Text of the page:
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Kent Blumberg

I've learned that folks will pay a lot of money to anyone who can simplify the world for them. And that each of us is our own best consultant when it comes to simplification. Just asking, "What value does this add to me or to my customers?" opens my eyes to my own needless complexity.

...most of the time, anyway...

Great link to Eduardo's post, by the way. Gonna have to read more of his stuff now.

Steve Roesler

Kent, that's really THE question to ask, isn't it?

Whenever I ask that "value" question of myself as I sort out priorities or pursue the "next great idea," the answer is more often than not: "This doesn't add much/any value at all to what I'm really trying to accomplish."

The honest answer can save unnecessary aggravation down the road.

Thanks, Kent.

ellen weber

Wow -- as I read this excellent post I kept thinking that it takes time to see what is simple and still successful!

That's the key - and it will differ at any given time. What a great reflection to see what it is for each of us at the season we are in and with the targets we set! I'm still thinking on this one Steve - Thanks.

Valeria Maltoni

We tend to edit down as we gain insights into what really matters -- sometimes it takes aging (pardon, wisdom), sometimes it takes a wake up call. Careful though not to cut out the simple pleasures and indulgences that make life all the sweeter in the name of efficiency.

As Eduardo says, there is tremendous value in investing time to stop and watch a sunset or stroll aimlessly before supper. How are you doing?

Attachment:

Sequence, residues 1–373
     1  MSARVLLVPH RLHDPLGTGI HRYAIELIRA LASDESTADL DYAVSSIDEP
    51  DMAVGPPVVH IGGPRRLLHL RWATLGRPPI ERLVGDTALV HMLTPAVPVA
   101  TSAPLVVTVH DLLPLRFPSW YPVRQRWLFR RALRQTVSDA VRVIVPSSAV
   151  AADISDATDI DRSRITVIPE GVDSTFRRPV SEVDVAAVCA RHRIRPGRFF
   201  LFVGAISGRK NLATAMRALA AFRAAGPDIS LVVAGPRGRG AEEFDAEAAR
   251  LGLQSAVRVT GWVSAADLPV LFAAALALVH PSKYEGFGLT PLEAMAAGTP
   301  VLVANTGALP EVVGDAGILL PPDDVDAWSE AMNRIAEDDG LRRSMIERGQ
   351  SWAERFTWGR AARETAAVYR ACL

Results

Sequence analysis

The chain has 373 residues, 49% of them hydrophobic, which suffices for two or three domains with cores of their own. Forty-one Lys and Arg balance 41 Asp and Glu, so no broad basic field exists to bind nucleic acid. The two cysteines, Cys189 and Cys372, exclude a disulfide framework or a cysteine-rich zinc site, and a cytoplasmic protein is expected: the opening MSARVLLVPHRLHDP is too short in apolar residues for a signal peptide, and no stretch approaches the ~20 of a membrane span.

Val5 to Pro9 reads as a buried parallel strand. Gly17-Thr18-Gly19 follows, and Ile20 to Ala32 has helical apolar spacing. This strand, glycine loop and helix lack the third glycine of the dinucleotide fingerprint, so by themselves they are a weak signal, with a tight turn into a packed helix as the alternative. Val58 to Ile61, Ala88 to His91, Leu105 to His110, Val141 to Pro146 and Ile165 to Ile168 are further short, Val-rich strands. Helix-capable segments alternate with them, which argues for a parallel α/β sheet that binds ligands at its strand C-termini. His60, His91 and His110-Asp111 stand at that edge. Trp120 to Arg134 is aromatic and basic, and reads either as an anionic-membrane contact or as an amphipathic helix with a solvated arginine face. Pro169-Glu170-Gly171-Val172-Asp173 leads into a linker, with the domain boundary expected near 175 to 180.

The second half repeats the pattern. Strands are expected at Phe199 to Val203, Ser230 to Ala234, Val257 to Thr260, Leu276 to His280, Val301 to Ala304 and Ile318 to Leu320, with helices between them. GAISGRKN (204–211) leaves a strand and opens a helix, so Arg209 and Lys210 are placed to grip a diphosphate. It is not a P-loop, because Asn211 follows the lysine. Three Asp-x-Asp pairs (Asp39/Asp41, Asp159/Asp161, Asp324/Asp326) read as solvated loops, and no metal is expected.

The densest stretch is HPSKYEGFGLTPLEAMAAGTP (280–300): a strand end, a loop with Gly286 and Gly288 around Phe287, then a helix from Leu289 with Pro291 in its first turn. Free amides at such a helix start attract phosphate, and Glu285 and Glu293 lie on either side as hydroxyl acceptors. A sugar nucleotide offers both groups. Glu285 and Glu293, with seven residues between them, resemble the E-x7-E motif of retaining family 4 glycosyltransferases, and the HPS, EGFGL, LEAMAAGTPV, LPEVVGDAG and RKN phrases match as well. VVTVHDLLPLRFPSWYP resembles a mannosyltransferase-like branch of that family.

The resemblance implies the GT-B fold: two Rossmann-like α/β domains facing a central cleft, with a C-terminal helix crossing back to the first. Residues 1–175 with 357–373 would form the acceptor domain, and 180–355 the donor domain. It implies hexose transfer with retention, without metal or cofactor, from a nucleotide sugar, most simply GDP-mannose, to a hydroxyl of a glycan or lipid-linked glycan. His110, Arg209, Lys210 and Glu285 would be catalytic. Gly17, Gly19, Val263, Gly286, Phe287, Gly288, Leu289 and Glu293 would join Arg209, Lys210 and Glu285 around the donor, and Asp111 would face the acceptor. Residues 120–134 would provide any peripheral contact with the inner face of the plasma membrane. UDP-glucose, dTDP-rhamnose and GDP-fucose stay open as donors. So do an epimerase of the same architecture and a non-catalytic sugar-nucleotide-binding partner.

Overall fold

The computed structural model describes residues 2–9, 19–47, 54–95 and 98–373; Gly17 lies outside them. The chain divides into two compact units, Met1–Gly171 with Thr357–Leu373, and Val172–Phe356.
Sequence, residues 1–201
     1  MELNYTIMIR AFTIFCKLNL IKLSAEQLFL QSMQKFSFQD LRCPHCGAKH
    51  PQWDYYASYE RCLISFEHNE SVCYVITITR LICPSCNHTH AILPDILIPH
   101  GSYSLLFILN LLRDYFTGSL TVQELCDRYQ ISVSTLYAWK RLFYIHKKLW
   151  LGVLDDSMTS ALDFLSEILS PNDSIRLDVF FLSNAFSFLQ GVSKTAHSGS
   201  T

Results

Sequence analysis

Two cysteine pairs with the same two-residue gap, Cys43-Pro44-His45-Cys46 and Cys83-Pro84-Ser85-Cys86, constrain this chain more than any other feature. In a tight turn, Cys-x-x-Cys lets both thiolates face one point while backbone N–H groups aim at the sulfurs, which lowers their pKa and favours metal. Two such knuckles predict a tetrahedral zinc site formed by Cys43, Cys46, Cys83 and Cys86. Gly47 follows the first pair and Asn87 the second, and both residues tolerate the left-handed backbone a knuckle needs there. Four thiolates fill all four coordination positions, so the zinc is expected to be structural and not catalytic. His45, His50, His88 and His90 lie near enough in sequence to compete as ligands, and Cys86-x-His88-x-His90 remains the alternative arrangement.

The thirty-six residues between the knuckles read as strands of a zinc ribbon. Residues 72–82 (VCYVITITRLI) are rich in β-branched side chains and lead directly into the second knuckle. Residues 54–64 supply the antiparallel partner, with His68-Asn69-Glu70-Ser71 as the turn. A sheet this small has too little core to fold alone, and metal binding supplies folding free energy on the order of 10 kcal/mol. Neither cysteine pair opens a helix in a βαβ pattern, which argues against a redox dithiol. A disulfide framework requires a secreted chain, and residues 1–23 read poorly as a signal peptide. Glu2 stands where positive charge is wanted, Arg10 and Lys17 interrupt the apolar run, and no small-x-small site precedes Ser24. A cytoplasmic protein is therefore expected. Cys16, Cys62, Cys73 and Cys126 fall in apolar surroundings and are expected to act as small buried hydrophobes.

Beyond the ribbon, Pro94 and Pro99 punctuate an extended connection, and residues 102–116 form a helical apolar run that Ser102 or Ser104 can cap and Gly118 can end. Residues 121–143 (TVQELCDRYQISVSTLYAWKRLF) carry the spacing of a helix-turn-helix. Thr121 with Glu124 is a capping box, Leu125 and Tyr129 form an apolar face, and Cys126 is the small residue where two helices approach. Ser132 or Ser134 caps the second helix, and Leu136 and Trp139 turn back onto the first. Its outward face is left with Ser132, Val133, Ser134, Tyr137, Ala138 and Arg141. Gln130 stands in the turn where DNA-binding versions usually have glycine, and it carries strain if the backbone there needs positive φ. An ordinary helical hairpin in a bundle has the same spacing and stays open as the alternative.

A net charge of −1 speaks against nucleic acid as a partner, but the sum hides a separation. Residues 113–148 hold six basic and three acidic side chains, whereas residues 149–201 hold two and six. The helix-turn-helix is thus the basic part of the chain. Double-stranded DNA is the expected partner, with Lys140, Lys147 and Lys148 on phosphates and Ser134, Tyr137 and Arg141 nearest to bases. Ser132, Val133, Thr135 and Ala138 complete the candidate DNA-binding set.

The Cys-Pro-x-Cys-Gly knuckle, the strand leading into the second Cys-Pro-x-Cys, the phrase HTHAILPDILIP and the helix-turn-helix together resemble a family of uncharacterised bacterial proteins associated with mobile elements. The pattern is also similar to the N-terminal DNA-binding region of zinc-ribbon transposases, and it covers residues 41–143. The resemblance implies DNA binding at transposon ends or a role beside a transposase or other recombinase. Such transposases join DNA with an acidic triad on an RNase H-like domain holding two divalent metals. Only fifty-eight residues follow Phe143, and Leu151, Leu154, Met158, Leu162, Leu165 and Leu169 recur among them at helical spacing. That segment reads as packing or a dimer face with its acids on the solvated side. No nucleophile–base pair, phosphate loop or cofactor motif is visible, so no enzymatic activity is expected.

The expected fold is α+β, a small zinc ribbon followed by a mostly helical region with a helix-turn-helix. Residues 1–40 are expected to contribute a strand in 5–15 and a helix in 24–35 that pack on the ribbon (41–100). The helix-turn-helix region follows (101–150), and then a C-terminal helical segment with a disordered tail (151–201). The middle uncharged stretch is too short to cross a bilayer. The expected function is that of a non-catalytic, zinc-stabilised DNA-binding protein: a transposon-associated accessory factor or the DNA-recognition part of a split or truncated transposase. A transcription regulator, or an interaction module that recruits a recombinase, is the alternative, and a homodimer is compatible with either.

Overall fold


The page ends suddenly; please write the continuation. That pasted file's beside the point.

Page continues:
ann michael

Number 4 really hits home with me. I find that when I'm bending over backwards to make something work it's usually because it doesn't and I just won't admit it to myself! Sometimes things are hard because they're hard. Sometimes they're hard because they don't fit! Thanks for some great thoughts (love your new office mate!).

Karin H.

Hi Steve

Number 4 must be my favourite too.
We are in a retail business and our trade has so many (way too many) different types we might have to show all. But on the other hand, give a customer too much choice and he/she will never reach a decision.
That's why (with some clever displays and lay-out plans) we 'only' show 100 different wooden floor types in our little showroom (23 sq m total area - includes my huge desk, made of wood!).
And our customers love it. (So does my accountant, fixed costs are low)

Karin H. (Keep It Simple Sweetheart, specially in business

peter vajda

Hi Steve, you ask, "What have you learned about complexity and simplicity that can add to someone's well-being?"

For one thing, I've learned that when my well-being isn't "well", I'm adding nothing to another's, from an authentic place, just lots of needless efforting and "trying". I've also learned that working "on" my business was often a way of avoiding working "in" my business. I've learned to stop riding the horse after it has died and not to stay on hoping that it will come alive. And I've learned that complexity is more about filling "holes of deficiency" than it is about efficiency and mastery. I've learned simplicity really sets me free, and allows me to breathe, on many levels.

Steve Roesler

HI, Valeria,

Well, aside from the aging (wisdom) part I'm doing well, thanks! And as I was reading Eduardo's post I was watching the deer and enjoying the simple pleasures that you mentioned!

See you soon?

Steve Roesler

Ann,

That's a terrific diagnostic cue: asking yourself the question about whether it's hard because it's hard, or just not a good fit. We could all benefit from pausing when that happens, reflecting on the answer, and then proceeding (or not) accordingly.

I'll ask the new office mate what she thinks...

Steve Roesler

HI, Karin,

Knowing your personal passion for simplicity, I'll declare victory with #4!